# Linear Algebra Question (Kronecker Delta?)

• FeDeX_LaTeX

#### FeDeX_LaTeX

Gold Member
Homework Statement

For fixed m ≥ 1, let ##\epsilon(i,j)## denote the m x m matrix ##\epsilon(i,j)_{rs} = \delta_{ir}\delta_{js}##, where i,j may denote any integers in the range 1 ≤ i,j ≤ m.

(a) When m = 4, write out all ##\epsilon(i,j)## explicitly and label them correctly.

The attempt at a solution

My course hasn't started yet and all I know about the Kronecker delta/Levi-Civita epsilon notation is what little I've seen in videos.

They haven't stated the parameters of r and s, but I guess that doesn't matter since ##\delta_{i,j} = 1## if and only if i = j, and 0 otherwise?

All I can think of at the moment is this (can anyone tell me if this is correct?):

##\epsilon(1,1)_{rs} = \delta_{1r}\delta_{1s} = \delta_{11}\delta_{11}##
##\epsilon(1,2)_{rs} = \delta_{1r}\delta_{2s} = \delta_{11}\delta_{22}##
##\epsilon(1,3)_{rs} = \delta_{1r}\delta_{3s} = \delta_{11}\delta_{33}##
(...) etc. making 16 values in total. Is this the kind of thing they're looking for?

I still can't quite understand what I'm doing -- how does ##\delta_{11}\delta_{22}## represent an entry in a 4 x 4 matrix, for instance? Does that mean that both the entries in row 1 column 1 AND row 2 column 2 have value 1?

(I apologise for deleting the 'relevant equations' section -- I literally don't know which ones are relevant.)

Hi FeDeX_LaTeX! ##\epsilon(1,1)_{rs} = \delta_{1r}\delta_{1s} = \delta_{11}\delta_{11}##
##\epsilon(1,2)_{rs} = \delta_{1r}\delta_{2s} = \delta_{11}\delta_{22}##
##\epsilon(1,3)_{rs} = \delta_{1r}\delta_{3s} = \delta_{11}\delta_{33}##
(...) etc. making 16 values in total. Is this the kind of thing they're looking for?

No, they want you write out eg ##\epsilon(1,1)## as a matrix:

##\epsilon(1,1)_{11}\ \ \epsilon(1,1)_{12}##
##\epsilon(1,1)_{21}\ \ \epsilon(1,1)_{22}## Hi FeDeX_LaTeX! No, they want you write out eg ##\epsilon(1,1)## as a matrix:

##\epsilon(1,1)_{11}\ \ \epsilon(1,1)_{12}##
##\epsilon(1,1)_{21}\ \ \epsilon(1,1)_{22}## Thanks for the reply -- I'm confused... how did you know ##\epsilon(1,1)## should be a 2 x 2 matrix?

Thanks for the reply -- I'm confused... how did you know ##\epsilon(1,1)## should be a 2 x 2 matrix?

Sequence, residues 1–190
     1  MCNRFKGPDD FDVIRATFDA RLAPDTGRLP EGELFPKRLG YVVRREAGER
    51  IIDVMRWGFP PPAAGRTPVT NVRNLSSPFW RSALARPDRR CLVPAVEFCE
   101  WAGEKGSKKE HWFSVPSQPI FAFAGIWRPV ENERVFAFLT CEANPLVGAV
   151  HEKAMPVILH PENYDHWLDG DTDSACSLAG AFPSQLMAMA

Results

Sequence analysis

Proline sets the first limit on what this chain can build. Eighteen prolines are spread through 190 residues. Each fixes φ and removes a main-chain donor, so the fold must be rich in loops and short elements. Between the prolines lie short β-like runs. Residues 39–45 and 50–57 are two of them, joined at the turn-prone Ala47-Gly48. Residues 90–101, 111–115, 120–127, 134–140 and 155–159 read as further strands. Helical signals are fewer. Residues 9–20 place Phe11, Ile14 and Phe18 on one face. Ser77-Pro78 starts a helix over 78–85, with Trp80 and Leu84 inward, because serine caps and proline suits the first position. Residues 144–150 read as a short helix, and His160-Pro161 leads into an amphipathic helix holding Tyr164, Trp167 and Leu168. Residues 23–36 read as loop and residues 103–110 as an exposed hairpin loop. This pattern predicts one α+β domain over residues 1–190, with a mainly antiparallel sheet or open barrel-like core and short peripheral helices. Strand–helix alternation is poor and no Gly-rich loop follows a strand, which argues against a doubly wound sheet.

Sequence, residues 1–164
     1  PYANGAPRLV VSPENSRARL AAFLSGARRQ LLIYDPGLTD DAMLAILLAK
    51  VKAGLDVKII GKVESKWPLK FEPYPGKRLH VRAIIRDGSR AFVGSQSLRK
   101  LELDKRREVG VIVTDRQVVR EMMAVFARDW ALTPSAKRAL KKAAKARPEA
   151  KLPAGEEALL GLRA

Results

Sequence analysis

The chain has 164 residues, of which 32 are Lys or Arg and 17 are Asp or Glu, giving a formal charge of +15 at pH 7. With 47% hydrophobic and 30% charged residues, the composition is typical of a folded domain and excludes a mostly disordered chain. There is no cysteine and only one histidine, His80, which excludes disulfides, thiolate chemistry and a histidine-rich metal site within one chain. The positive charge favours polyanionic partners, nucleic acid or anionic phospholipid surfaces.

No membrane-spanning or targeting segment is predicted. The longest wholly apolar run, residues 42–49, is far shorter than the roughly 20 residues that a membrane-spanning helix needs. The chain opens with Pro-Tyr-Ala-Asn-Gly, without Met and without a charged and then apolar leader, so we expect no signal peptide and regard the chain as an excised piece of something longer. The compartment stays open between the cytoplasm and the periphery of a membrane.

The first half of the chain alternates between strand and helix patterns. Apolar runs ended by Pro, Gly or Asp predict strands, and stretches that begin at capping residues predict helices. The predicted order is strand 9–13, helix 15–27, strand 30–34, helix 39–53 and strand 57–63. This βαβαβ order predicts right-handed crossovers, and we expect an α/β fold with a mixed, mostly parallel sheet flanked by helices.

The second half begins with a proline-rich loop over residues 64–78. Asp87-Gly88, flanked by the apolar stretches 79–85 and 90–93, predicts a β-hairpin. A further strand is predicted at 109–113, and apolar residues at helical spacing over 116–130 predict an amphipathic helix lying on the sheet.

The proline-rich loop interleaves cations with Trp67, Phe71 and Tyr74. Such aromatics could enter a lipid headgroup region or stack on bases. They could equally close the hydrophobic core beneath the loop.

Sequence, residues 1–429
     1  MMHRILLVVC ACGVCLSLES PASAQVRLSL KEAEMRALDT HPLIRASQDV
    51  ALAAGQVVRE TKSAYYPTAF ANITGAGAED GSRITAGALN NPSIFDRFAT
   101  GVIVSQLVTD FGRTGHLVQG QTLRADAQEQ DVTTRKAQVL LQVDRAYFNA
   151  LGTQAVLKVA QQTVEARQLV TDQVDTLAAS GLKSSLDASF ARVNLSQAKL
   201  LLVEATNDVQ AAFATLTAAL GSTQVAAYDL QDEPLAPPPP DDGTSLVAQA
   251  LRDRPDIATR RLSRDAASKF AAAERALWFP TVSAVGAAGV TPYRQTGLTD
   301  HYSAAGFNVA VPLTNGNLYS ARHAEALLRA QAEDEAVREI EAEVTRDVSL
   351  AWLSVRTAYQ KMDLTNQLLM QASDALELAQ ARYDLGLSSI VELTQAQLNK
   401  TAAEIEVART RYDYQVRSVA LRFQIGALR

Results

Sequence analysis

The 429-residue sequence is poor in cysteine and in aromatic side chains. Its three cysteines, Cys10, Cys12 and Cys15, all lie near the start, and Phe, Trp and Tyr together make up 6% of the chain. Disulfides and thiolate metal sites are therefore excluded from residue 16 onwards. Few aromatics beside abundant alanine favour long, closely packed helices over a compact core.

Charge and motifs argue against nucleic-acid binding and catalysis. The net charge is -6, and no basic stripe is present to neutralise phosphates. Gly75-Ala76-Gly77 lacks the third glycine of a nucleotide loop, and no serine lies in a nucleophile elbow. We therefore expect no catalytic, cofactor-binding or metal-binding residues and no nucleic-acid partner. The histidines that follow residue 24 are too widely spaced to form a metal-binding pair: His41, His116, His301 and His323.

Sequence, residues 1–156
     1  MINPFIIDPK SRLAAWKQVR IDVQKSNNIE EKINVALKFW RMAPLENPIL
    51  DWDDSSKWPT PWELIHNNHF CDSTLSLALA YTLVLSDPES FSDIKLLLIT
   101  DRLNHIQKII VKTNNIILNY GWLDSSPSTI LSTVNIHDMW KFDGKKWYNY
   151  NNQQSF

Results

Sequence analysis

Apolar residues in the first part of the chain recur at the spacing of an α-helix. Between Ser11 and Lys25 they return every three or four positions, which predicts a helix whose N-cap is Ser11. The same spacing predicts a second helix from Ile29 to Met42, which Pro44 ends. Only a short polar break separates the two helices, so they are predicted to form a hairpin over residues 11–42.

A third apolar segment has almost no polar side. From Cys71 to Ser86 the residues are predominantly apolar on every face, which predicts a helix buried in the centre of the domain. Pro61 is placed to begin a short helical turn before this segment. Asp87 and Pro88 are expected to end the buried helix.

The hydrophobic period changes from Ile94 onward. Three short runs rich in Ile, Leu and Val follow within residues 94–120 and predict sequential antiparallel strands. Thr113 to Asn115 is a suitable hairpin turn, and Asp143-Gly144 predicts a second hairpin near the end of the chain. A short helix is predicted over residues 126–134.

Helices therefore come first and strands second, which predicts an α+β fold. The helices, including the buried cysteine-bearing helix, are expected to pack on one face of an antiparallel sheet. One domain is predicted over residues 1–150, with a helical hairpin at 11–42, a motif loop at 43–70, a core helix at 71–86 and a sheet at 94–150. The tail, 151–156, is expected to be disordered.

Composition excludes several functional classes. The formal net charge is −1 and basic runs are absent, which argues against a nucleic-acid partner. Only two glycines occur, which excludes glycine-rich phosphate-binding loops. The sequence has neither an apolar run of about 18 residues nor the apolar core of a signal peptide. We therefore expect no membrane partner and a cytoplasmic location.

He does not say that ##\epsilon(1,1)## is a 2 x 2 matrix; he just shows you some of what you need to compute. The question actually say m = 4, so you need a 4 x 4 matrix.

He does not say that ##\epsilon(1,1)## is a 2 x 2 matrix; he just shows you some of what you need to compute. The question actually say m = 4, so you need a 4 x 4 matrix.

So I'm completing a 4 x 4 matrix consisting of only ##\epsilon(1,1)##?

$$\epsilon(1,1)$$ IS a 4x4 matrix. The r,s entry of it is given by $\delta_{1r} \delta_{s1}$.

In particular you will notice that many of the entries of this matrix are zero. Can you identify what values of r and s make $\delta_{1r} \delta_{s1}$ non-zero?

So I'm completing a 4 x 4 matrix consisting of only ##\epsilon(1,1)##?

It reads to me like it wants you to write out all 16 of the 4 x 4 matrices, although I don't see what the point of doing that could possibly be---unless, maybe, there is a pattern that it is important to exploit later in some context.

$$\epsilon(1,1)$$ IS a 4x4 matrix. The r,s entry of it is given by $\delta_{1r} \delta_{s1}$.

In particular you will notice that many of the entries of this matrix are zero. Can you identify what values of r and s make $\delta_{1r} \delta_{s1}$ non-zero?

Sorry, I wasn't aware it represented a matrix -- I thought it just represented some number permutations. So ##\epsilon(1,1)## is just going to give me a 4 x 4 matrix with zero for every entry apart from the top-left, right?

r = s = 1 makes it non-zero?

That's correct. The other ones can be solved similarly